2

The question should really read, "how the pitch must change along the length to keep lift distribution reasonably constant while respecting stall considerations" or something like that. Rotor blades twist nose down going outboard, like propellers but with less twist, to account for the higher velocity toward the tip, so that the slower moving root ...


2

An examination of a typical flight envelope may leave one wondering about exceeding G limits, rather than stalling. A zoom climb typically starts by gaining as much kinetic energy as possible (speed) before turning sharply skyward. As excess drag would result in a lower, slower climb, stalls would be strictly avoided. At high speeds one would pull the stick ...


1

It seems to me that the crux of the misunderstanding in your question is here: If I then add power and climb (while holding the same attitude) If you hold the elevator in a fixed position and add power, the airplane will pitch up relative to the ground, to the extent needed to preserve the original angle of attack relative to the airplane's motion through ...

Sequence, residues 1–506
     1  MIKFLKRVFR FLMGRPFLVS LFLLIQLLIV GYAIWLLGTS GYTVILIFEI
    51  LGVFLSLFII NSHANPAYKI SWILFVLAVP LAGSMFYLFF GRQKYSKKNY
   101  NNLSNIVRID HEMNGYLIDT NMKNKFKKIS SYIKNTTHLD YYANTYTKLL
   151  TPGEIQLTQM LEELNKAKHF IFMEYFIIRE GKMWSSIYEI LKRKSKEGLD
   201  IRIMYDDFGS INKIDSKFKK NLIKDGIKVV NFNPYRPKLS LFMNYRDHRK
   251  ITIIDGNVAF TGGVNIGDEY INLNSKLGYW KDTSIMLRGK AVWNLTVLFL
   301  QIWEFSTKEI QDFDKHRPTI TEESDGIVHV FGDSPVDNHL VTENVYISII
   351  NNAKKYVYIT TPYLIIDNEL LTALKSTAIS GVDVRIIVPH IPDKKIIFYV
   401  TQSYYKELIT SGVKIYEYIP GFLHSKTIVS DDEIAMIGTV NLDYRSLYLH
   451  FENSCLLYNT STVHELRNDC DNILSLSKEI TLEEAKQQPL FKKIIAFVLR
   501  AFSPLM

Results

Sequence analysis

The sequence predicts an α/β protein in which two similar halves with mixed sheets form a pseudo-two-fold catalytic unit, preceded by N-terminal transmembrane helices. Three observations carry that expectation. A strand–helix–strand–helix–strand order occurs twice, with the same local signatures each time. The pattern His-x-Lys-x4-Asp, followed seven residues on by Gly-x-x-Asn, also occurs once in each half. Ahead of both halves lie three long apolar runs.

1

There is a contradiction built into the question. You write: Consider a certain elevator position for straight and level flight at cruise rpm. If I then add power and climb (while holding the same attitude) isn't it true the Angle of Attack will increase because the relative wind is now coming from in front and above the plane? If this is true, then how ...